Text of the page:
Last year the government announced plans to reform residential leasehold ownership in England and Wales. This was in no doubt driven in part by lurid headlines. In reality a very limited number of leasehold properties were affected by onerous escalator clauses, which in time lead to ridiculous ground rents becoming payable.
Putting aside the rights and wrongs involved for the time being and awaiting the ‘meat on the bones’ of the reforms, we do know that there will be a ban on almost all new leasehold houses and considerable restrictions on ground rents for new flats.
The reforms will not be retrospective and will not affect existing leaseholds. Therefore, this could lead to a two-tier market in leasehold properties. But what of the alternative?
Commonhold was introduced in 2002 as an alternative to leasehold ownership in multi-occupied buildings. Similar to strata ownership in many other jurisdictions, each unit holder becomes a member of a commonhold association. This association manages the building and common parts. Sounds good. Although to date, it hasn’t really made any impact at all. Why? well, there are two routes to commonhold and each has its problems.
First, the intention was that existing leasehold owners would voluntarily convert to commonhold.
The snag was / is that every party with an interest in the freehold or any lease, including lenders, and crucially the landlord, has to agree. Lenders are reluctant to get involved as there is next to no existing market and values may be difficult to fix.
And landlords of course, in receipt of ground rents, have no real incentive. If tenants had compensate the landlord, then it is difficult to see many situations in which the required unanimity amongst them would be achieved.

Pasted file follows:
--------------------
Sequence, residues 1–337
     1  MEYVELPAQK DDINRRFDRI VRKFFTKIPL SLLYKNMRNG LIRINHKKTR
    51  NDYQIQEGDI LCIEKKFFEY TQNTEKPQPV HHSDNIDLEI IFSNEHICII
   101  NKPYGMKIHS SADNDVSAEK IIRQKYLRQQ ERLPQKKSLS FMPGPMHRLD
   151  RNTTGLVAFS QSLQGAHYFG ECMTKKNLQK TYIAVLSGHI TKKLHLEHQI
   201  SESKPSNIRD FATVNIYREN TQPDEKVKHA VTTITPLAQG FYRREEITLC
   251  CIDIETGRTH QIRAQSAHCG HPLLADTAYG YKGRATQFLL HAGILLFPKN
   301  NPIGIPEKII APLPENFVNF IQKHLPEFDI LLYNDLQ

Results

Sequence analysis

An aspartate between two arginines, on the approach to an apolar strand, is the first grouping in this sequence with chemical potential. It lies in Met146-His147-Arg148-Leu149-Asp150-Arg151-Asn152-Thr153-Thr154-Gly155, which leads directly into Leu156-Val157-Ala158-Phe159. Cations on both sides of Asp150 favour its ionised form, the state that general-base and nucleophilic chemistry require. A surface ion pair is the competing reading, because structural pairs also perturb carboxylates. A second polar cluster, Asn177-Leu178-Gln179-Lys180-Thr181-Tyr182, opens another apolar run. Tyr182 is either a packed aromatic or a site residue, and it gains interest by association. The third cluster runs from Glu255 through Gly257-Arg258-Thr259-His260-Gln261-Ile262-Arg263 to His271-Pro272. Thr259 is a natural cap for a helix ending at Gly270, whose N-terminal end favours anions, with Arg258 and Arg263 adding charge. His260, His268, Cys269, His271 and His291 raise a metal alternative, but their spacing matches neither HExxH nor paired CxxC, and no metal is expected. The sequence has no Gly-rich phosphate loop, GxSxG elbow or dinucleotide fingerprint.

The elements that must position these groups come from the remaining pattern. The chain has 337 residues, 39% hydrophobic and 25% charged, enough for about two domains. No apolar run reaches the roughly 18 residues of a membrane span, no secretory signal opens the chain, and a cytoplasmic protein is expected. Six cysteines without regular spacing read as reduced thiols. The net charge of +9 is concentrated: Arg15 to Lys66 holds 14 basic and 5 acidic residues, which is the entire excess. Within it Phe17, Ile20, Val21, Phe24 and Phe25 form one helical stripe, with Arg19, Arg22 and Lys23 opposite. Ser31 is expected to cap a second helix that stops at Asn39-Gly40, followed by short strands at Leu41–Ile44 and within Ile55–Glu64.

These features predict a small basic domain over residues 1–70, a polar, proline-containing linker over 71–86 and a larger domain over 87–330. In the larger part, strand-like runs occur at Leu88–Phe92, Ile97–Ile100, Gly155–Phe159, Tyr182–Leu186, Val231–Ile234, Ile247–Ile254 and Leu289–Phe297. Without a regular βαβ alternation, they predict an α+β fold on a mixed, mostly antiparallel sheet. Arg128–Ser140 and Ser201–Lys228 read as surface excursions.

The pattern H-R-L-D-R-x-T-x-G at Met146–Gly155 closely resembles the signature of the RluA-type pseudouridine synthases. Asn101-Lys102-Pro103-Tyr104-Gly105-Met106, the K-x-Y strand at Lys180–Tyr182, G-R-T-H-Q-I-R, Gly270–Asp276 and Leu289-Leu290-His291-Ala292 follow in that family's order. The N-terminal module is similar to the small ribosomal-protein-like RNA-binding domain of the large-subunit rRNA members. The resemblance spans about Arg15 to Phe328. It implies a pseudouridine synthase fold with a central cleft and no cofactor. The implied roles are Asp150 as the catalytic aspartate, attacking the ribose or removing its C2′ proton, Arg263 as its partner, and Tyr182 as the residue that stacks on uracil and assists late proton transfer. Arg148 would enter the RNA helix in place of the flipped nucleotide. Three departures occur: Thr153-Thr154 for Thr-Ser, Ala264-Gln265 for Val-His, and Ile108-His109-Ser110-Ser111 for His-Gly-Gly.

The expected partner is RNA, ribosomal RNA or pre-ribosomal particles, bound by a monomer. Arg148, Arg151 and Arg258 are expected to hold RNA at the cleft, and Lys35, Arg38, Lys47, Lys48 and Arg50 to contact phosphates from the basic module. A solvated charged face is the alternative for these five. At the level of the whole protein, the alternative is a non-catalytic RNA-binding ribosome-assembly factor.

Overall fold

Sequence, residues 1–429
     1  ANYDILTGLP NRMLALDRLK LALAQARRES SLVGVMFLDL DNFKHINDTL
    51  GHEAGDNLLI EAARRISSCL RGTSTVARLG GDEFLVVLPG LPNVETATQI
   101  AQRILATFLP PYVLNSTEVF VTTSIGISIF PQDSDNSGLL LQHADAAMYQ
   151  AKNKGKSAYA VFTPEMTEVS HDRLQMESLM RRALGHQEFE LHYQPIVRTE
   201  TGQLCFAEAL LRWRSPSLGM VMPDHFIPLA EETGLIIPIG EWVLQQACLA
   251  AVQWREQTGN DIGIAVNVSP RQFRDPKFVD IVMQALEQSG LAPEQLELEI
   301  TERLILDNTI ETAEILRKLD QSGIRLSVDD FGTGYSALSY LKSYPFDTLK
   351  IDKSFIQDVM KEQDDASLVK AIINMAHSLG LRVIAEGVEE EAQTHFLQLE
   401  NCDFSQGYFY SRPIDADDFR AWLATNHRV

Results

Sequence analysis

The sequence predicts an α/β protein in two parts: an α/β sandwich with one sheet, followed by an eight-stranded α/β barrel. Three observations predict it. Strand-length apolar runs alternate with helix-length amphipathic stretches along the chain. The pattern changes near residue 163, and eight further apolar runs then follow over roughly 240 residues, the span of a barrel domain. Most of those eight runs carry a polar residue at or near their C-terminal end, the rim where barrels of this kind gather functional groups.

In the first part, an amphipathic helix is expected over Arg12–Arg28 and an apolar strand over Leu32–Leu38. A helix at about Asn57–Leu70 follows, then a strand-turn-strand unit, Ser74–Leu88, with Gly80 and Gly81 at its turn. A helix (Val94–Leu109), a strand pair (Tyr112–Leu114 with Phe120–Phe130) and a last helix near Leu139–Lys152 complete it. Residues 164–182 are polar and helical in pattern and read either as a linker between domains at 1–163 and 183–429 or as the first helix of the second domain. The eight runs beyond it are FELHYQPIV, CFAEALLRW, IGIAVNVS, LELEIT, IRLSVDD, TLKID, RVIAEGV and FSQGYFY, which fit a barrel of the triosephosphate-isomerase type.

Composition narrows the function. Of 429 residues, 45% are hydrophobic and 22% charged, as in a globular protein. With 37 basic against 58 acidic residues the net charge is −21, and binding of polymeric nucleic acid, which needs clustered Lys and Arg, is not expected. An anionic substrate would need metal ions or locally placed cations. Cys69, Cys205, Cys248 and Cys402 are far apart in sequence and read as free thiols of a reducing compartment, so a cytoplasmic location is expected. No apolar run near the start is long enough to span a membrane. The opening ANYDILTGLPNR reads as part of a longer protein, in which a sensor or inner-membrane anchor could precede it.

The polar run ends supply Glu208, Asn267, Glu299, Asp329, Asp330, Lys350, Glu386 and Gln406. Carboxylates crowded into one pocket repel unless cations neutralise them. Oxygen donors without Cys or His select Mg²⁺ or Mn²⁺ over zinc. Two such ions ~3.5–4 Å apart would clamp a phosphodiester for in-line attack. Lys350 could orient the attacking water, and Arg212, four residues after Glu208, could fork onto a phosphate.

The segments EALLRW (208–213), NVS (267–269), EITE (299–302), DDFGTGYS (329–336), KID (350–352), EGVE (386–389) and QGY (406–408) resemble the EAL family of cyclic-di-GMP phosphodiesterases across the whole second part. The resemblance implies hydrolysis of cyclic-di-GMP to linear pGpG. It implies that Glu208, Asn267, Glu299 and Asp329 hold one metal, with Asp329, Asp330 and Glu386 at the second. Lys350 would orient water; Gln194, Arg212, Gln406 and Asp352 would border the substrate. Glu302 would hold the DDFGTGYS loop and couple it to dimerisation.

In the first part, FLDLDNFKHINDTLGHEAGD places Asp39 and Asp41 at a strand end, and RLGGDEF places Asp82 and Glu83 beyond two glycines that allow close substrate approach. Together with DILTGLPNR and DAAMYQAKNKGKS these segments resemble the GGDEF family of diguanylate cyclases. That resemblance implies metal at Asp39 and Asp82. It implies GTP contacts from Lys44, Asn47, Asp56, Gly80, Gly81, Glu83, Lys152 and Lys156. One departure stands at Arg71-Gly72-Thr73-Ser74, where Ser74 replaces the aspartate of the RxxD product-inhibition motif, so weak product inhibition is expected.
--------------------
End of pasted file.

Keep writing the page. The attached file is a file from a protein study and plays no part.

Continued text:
The second route to commonhold was intended to be new build only, but developers haven’t cooperated for the obvious reason that leasehold developments are more valuable to them.
Not only because demand for commonhold is largely untested, they can also charge ground rents and retain an income stream. An alternative would be that they can sell that income stream on.
There is a thriving market in ground rent portfolios, which are generally considered to be a low risk investment. If and when the restrictions bite and no new portfolios can be created, we can expect that market to increase.
Leases are by their very nature a wasting asset, they become less valuable as their term shortens. Conversely, the cost of a statutory extension rockets as the term depletes.
Commonhold certainly solves that problem, but is no panacea in other respects.
There will always be issues with common ownership of whatever kind. Those who have used existing legislation to dremove third party landlords and manage freeholds themselves, haven’t always found it easy.
Commonhold will not assist there.
Nevertheless, if incentives to build leasehold flats are lessened by effectively banning ground rents, it could be time to revisit commonhold as a means of ownership. In my book at least, if statutory intervention is deemed necessary, it would be preferable to incentivise new building of commonhold rather than try to force it by placing restrictions on the alternative. But the outcome may yet be the same.
If you would like more information / advice with regards to this subject or any other property queries, please contact Tom directly and he will be more than happy to help.
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